ENGS 88 Honors Thesis (AB Students)

Degree Program


Year of Graduation


Faculty Advisor

Scott C. Davis

Document Type

Thesis (Senior Honors)

Publication Date



Fluorescence imaging has become a standard in many clinical applications, such as tumor and vasculature imaging. One application that is becoming more prominent in cancer treatment is fluorescence-guided surgery (FGS). Currently, FGS allows surgeons the ability to visually navigate tumors and tissue structures intraoperatively. As a result, they can remove tumor more efficiently while maintaining critical structures within the patient, creating better outcomes and lower recovery times. However, background fluorescence and inability to localize depth create challenges when determining resection boundaries.

Different techniques, such as spatially modulating the illumination and imaging at longer light wavelengths, have been developed to accurately localize position and to maximize contrast of key structures at greater penetration depths in surgeries. However, combining these two techniques offers an opportunity to capitalize on their respective advantages in fluorescence imaging.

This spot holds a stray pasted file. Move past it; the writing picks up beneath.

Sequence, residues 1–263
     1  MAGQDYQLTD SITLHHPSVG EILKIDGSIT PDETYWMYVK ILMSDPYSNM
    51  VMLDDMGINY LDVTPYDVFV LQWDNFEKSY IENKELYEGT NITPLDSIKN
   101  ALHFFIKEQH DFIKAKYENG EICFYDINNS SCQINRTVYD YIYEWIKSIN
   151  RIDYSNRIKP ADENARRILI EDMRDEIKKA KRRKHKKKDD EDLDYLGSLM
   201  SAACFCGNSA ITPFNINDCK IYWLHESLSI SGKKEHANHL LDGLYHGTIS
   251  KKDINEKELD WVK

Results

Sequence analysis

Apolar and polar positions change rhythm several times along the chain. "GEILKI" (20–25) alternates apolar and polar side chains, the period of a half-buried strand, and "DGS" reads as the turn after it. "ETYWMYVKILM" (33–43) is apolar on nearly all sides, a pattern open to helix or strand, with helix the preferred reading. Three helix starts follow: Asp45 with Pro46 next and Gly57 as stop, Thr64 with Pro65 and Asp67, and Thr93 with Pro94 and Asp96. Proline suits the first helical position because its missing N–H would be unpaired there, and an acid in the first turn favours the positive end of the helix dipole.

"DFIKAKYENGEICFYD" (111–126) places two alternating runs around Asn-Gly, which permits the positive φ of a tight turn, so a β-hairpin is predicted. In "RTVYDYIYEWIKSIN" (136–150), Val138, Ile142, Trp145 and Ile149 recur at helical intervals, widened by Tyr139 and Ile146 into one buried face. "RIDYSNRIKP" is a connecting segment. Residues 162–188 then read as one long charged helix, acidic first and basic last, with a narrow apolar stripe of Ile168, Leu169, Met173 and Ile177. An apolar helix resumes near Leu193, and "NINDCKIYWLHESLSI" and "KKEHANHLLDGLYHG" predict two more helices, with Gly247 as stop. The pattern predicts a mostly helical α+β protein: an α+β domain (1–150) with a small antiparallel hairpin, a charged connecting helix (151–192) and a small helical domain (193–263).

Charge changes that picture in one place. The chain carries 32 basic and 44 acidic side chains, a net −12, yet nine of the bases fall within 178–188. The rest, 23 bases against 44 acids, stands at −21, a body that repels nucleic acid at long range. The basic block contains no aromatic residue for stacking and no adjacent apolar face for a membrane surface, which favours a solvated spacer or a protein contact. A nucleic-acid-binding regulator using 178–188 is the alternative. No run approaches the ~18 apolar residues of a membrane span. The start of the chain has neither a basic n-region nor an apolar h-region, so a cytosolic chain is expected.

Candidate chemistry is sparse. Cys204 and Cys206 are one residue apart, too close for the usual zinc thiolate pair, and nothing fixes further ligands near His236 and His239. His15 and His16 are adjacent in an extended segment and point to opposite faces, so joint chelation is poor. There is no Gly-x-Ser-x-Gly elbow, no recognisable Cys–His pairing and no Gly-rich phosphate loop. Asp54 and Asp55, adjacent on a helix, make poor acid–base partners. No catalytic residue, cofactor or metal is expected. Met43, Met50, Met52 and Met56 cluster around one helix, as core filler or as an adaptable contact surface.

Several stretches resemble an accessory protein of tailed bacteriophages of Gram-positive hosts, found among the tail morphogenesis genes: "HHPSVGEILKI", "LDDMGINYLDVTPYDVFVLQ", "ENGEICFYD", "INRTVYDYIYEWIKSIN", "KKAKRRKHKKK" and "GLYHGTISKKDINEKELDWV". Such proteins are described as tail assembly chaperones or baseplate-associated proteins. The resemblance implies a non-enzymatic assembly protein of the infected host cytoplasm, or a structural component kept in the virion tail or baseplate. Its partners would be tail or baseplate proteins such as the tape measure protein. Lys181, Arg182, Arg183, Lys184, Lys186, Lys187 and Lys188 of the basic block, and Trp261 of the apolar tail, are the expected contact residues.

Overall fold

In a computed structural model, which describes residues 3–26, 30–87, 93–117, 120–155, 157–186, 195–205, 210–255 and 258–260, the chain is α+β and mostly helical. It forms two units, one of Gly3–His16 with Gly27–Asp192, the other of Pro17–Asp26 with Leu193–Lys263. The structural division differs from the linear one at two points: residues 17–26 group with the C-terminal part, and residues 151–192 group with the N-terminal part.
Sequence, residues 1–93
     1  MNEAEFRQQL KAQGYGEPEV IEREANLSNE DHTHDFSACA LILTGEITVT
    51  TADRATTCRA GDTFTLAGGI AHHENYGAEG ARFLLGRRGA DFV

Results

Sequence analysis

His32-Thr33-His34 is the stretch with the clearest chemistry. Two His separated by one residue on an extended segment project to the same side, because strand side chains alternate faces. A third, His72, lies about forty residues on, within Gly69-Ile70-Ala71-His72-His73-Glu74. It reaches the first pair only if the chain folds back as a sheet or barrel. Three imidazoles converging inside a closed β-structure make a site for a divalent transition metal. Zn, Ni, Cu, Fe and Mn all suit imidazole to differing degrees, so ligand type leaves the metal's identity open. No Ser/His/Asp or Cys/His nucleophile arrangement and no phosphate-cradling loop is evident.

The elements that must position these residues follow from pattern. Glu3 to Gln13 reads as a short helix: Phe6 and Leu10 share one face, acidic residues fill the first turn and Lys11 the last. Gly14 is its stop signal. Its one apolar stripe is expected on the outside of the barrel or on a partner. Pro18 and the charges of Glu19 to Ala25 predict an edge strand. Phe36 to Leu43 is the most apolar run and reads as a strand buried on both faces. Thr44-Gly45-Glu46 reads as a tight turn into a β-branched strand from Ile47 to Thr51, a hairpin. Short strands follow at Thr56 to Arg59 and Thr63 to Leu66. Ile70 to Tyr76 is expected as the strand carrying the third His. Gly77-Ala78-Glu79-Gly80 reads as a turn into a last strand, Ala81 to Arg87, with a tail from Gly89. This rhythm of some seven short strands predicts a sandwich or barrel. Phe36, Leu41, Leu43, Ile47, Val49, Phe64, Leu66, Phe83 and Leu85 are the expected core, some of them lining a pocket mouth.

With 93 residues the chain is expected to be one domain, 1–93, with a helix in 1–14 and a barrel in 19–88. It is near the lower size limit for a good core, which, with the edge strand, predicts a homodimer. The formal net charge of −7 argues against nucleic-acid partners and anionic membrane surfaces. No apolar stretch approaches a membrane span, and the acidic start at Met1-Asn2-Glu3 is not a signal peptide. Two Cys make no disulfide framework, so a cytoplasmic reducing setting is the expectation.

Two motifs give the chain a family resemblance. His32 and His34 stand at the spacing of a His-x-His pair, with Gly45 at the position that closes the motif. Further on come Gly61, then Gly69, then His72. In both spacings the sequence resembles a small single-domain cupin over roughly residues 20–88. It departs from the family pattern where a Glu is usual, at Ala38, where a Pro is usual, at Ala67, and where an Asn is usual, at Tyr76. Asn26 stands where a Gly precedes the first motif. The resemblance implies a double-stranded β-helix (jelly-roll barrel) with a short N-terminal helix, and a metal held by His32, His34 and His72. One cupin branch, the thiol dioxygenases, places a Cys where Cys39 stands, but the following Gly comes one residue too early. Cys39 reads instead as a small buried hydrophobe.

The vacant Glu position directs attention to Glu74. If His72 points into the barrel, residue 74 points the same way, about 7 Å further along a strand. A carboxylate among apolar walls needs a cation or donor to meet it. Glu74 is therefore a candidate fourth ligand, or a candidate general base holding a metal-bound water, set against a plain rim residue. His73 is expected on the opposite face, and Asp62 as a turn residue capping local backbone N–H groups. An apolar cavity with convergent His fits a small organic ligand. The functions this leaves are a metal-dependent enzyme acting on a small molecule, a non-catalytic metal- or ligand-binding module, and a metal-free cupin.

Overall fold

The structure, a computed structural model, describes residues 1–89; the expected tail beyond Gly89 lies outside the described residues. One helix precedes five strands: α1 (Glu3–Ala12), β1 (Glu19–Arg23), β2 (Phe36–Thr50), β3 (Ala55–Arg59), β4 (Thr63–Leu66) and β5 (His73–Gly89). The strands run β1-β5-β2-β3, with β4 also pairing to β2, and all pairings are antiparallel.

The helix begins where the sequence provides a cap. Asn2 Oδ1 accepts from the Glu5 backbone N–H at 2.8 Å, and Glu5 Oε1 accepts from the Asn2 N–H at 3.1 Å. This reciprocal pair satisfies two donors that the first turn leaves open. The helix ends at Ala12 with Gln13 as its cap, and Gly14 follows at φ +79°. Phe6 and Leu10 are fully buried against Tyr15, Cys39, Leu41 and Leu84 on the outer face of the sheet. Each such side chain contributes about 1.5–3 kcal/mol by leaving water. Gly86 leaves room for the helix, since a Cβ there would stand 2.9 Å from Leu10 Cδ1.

In this work, we develop instrumentation combining two cutting-edge imaging methodologies; spatial frequency domain imaging (SFDI) and short-wave infrared (SWIR) fluorescence, and evaluate the capacity of this combination to improve image quality. Using conventional flat light imaging and SFDI, images of a fluorescent tube submerged in a liquid phantom were taken in the standard “first window” of the near-infrared (NIR-I) and the SWIR. By comparing resolution and maximum signal of the resulting images, we determined whether SFDI in the SWIR can improve fluorescence imaging for surgery such as to increase sharpness and determine depth of fluorescent structures.

We found that SFDI in the SWIR localizes depth and increases contrast by removing background fluorescence. When compared to NIR-I, SWIR SFDI is not as depth sensitive but can capture deeper structures. These results show that implementing SFDI can significantly improve current biomedical applications of SWIR imaging. Next steps for SWIR SFDI include analyzing the effects from altering the optical properties of the phantom, investigating the interaction between multiple fluorescent objects, and conducting in vivo efficacy studies.